Turkey goes to polls on November 1 after failure of coalition talks

Friday 21/08/2015
Eyes on powerful presidency with full executive authority

ANKARA - Turkey will go to the polls on November 1 in snap elections after the failure of coalition talks, the top election body ruled Tuesday, as President Recep Tayyip Erdogan tasked Prime Minister Ahmet Davutoglu to form a caretaker government.
Erdogan on Monday called the early election which the presidency said "has become a necessity" after the inconclusive June 7 legislative vote where his ruling party lost its overall majority.
The elections will take place on November 1, the head of the Supreme Electoral Council (YSK) Sadi Guven confirmed in a statement.
Erdogan earlier asked Davutoglu to lead the caretaker government ahead of the polls as prime minister during a meeting at his presidential palace, the presidency said.
Davutoglu is now obliged within the next five days to form the government that will be in power for just two months to take Turkey towards the new elections.
The situation is unprecedented in modern Turkish history -- never before have parties failed to form a coalition after elections and new polls been required.
Erdogan wants the ruling Justice and Development Party (AKP) he co-founded to win back the overall majority it lost in June for the first time since it came to power in 2002.
"We are going to early elections under a caretaker government, which is unprecedented in Turkish history," Davutoglu told reporters after meeting Erdogan.
"But we shouldn't create the impression that Turkey is going through a political crisis," he added.
The opposition Republican People's Party (CHP) and the Nationalist Movement Party (MHP) have refused to take part in an election government.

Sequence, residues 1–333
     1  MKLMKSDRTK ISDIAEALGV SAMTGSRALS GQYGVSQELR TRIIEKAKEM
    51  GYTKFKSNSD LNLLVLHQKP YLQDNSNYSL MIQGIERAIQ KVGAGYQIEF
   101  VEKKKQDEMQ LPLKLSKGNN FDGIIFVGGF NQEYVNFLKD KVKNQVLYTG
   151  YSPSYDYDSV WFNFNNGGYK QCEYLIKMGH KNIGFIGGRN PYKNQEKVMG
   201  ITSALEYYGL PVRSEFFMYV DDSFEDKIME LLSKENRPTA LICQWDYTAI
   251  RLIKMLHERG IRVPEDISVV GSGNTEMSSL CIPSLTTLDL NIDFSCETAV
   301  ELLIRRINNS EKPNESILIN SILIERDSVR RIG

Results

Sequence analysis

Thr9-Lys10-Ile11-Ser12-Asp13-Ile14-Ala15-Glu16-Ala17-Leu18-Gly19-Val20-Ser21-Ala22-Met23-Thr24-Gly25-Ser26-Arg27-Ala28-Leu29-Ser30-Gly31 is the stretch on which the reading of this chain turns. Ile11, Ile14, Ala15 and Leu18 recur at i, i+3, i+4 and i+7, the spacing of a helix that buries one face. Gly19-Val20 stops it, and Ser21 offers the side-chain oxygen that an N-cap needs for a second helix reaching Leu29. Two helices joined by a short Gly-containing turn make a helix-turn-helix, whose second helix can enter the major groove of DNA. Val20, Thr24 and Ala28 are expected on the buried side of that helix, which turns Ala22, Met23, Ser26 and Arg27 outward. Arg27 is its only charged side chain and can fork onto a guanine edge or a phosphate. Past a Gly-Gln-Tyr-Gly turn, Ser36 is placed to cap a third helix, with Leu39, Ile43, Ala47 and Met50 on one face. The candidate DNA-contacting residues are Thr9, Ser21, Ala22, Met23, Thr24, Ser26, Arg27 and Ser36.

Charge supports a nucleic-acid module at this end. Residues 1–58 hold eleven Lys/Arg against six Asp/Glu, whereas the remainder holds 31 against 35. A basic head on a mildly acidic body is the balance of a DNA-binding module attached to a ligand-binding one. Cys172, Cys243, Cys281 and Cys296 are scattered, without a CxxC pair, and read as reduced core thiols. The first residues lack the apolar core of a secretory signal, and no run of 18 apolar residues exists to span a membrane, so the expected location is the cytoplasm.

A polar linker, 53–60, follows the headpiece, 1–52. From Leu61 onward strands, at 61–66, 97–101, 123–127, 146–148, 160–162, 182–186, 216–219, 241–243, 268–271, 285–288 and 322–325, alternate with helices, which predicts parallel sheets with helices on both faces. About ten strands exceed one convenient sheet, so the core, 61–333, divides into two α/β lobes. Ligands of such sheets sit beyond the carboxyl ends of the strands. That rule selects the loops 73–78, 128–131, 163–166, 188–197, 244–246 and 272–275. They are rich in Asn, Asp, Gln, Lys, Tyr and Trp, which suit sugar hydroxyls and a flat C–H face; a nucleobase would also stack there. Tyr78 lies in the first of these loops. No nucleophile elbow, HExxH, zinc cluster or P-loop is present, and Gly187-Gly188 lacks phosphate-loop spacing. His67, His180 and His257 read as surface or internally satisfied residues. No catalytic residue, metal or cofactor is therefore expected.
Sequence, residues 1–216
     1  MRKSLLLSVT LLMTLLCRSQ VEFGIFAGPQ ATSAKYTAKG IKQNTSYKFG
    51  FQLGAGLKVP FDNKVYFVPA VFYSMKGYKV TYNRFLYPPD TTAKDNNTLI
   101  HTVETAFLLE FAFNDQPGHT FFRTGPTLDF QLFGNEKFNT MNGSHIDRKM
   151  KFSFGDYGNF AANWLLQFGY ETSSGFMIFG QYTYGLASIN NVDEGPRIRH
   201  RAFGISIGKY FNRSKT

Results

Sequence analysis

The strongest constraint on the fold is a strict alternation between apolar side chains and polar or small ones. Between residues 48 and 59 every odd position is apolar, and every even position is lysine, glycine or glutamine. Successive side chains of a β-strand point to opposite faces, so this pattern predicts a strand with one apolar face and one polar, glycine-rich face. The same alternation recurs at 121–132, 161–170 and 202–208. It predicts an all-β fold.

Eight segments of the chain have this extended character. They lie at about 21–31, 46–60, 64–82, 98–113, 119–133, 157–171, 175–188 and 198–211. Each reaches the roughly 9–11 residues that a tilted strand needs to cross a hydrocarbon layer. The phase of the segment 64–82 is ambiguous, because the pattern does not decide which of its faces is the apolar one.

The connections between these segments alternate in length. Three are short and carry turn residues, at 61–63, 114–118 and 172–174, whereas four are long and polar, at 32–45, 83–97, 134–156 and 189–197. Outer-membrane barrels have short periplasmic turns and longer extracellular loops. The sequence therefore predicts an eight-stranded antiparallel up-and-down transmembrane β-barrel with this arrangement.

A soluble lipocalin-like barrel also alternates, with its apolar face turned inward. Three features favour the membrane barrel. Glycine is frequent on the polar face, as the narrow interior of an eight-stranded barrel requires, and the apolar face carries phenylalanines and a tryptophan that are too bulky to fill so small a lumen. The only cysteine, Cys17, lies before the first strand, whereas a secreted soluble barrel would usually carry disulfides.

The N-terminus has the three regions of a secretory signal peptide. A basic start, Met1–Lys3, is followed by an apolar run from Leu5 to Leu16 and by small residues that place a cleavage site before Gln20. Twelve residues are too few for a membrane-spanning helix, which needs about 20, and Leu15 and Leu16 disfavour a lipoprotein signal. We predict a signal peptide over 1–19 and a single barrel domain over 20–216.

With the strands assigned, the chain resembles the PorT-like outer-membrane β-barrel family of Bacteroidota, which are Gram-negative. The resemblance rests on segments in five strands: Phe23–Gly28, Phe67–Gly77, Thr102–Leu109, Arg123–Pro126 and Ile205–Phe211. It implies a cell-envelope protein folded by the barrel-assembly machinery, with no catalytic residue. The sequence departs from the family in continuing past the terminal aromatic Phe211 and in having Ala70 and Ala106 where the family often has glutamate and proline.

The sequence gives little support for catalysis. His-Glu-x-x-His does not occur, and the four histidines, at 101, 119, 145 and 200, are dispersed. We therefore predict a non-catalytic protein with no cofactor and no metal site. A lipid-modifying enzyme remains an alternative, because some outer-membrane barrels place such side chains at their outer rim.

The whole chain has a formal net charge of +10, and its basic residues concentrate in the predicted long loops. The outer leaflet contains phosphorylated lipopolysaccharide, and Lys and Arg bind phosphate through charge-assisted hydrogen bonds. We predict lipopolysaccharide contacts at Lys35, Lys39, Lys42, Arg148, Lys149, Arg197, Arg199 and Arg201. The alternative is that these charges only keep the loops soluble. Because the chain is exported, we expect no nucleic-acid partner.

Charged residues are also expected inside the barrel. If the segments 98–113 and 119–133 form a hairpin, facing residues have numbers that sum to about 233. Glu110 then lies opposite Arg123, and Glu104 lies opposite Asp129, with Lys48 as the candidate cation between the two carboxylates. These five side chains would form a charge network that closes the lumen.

This forces Davutoglu to form an interim cabinet with the pro-Kurdish Peoples' Democracy Party (HDP) as well as non-partisan figures outside parliament.
The prospect of forming a government -- however brief -- with the HDP is an unsettling prospect for Davutoglu who has accused the party of being a front for outlawed Kurdistan Workers Party (PKK).
Davutoglu expressed dismay that the CHP and MHP had so far vowed to stay out of the caretaker government.
"Escaping responsibilities and blocking the options would lead to unintended consequences," he said.
Davutoglu said MPs needed to take their responsibility for two months to take the country to elections in an "honourable" way.
HDP leader Selahattin Demirtas meanwhile reaffirmed that his party was ready to take part in the interim administration.
But Demirtas added he would "not be surprised" if the AKP tried to form a government without the HDP.
"Such an attempt would be rejected by the constitutional court," he was quoted by the Dogan news agency as saying.
CHP leader Kemal Kilicdaroglu has already accused Erdogan of seeking to stage a "civilian coup" with the early election plan, after the full-scale military coups of 1960, 1971 and 1980.
Erdogan is hoping to emerge stronger from the next elections, with his eyes on a powerful presidency with full executive authority like in France or the United States.
To do this, the AKP needs to win a three-fifths majority with least 330 seats in parliament to change the constitution by calling a referendum.
A majority of two-thirds -- 367 seats -- would allow the changes to be passed without a referendum.
Turkey is being dragged into political uncertainty during one of the most critical periods in its recent history.
The economy is in decline while the country is on a heightened security alert with the government waging a dual offensive against Islamic State and Kurdish militants in Iraq and Syria.